The food shop is a major monthly expense for us, and I’m terrible for popping to the supermarket several times during one week and spending money on things we didn’t really need. Meal planning, and writing your shopping list accordingly is a brilliant way to reduce your supermarket spending, and it should also help reduce food waste. Hayley from Devon Mama recommends checking your cupboard contents before you shop too, to make sure you’re only buying things that you need.
Remember that some meals can be stretched across several nights if you plan well. Liberty from Liberty on the Lighter Side makes dishes like roast chicken or bolognese cover more than one meal by reserving how much she needs before letting everyone help themselves to what’s in the pot.
Try ‘downgrading’ the next time you do a food shop. If you usually get the brand name version of something try the supermarket own brand instead. Abi from Something About Baby says she often finds that they taste the same, but the difference in price can be amazing!
Look for the Yellow Stickers
Something I learnt from my sister many many years ago is to look out for the yellow sticker items while doing a supermarket shop. Sometimes called ‘whoopsies’ these items are often drastically reduced due to being close to their use by date, or because their packaging is damaged. These items are often perfect for throwing in the freezer, either as they are or cooked into a dish that can be frozen and eaten at a later date. Consider using slightly past its best veg for things like stews and soups, or freeze fruit to be used in smoothies or crumbles later on. Alice from Living With A Jude recommends shopping on a Sunday afternoon for the best yellow sticker deals.
Make Use of Loyalty Cards and Vouchers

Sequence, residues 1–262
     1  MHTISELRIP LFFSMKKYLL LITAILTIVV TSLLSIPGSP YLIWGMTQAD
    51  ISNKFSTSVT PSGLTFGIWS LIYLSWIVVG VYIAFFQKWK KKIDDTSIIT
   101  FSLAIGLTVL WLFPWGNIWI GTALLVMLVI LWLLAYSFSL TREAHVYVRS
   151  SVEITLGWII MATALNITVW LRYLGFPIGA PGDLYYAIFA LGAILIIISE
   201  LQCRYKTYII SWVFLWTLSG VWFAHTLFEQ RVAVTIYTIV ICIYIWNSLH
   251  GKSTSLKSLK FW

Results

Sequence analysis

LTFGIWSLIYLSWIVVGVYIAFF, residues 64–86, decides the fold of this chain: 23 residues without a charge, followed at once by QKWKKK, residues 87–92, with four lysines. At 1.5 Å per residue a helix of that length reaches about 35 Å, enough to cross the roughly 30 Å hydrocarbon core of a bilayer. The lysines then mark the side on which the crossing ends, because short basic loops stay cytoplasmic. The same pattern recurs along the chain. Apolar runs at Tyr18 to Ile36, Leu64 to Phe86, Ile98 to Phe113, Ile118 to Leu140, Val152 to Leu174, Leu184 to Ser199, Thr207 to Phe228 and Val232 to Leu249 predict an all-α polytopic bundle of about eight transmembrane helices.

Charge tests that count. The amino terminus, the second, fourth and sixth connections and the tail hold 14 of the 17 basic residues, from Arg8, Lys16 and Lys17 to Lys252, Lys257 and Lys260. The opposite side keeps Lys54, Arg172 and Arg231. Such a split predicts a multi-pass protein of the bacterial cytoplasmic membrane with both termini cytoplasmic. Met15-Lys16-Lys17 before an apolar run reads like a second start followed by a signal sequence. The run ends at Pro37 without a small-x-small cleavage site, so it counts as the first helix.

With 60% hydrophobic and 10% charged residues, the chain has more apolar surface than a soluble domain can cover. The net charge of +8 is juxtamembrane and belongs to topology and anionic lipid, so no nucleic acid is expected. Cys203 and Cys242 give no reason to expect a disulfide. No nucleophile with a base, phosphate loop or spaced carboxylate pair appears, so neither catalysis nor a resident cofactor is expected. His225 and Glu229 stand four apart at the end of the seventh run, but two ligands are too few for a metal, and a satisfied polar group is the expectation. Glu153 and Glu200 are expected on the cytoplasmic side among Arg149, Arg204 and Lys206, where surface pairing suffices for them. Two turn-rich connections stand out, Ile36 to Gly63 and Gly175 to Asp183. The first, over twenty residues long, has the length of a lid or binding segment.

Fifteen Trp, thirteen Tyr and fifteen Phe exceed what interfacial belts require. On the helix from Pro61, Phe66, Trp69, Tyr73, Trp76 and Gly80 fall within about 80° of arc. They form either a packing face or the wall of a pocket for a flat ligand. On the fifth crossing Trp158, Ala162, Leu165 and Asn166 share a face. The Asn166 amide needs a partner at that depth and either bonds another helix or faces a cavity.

Lots of shops have loyalty card schemes like the Tesco Clubcard, Sainsbury’s Nectar Card, Boots Advantage Card, etc, and these can really help you reduce your monthly food bill. Many of the schemes send you personalised vouchers so factor these into your meal plans and make the most of the extra discounts, and you can use the points you accumulate on special treats. We’ve been saving up our Clubcard points for a while now and almost have enough for 2 Legoland season tickets! Mandi from Big Family Budgeting recommends using loyalty cards every time you shop or buy petrol so you reap all the benefits.
Victoria has a great list of places to check for vouchers and cashback offers in her post on getting more money out of every supermarket shop.
Grow Your Own
Consider starting a small vegetable patch somewhere if you have the room. Gardening is a brilliant activity for kids as it teaches them so many valuable skills, and being able to harvest fruit and veg straight from the garden will definitely save you some money. Plus it always tastes better when you’ve grown it yourself! Consider other ways to become more self sufficient too, like making things or repairing them instead of buying new.
Reduce Your Utility Usage
Put on a Jumper
Hannah from Hi Baby Blog says she always reaches for another layer before turning on the heating, to keep her utility bills down. Try putting on a jumper if you’re chilly, and if you’re still cold after an hour then consider turning your heating up.
Turn Everything Off
I’m so guilty of leaving things like the TV, radio and microwave on standby, but this is still using electricity – and it all adds up! Katie from Mum of 2.5 turns everything off at the plug including her kettle and toaster, and says it all helps save in the long run.
Make Use of Timers/Delayed Start
Electricity is cheaper overnight on lots of tariffs, so Jaymee from The Mum Diaries makes sure to do things like her laundry at night. Our washing machine has a delayed start function, meaning I can set it at any time to start once the overnight price begins. Consider leaving things to charge overnight too, to make the most of the cheaper tariff.
Swap to LED Bulbs
Hayley from Miss Manypennies says that you can save up to £11 per bulb a year by switching over to LED bulbs. When you add up all the bulbs you have in your home that could equal a huge annual saving!
And there you go! 13 fairly easy ways to hopefully make big savings over the next few months. Whether you use the extra money for something special, or you put it aside for a rainy day, I hope that these simple tips help you save a few extra pennies this year.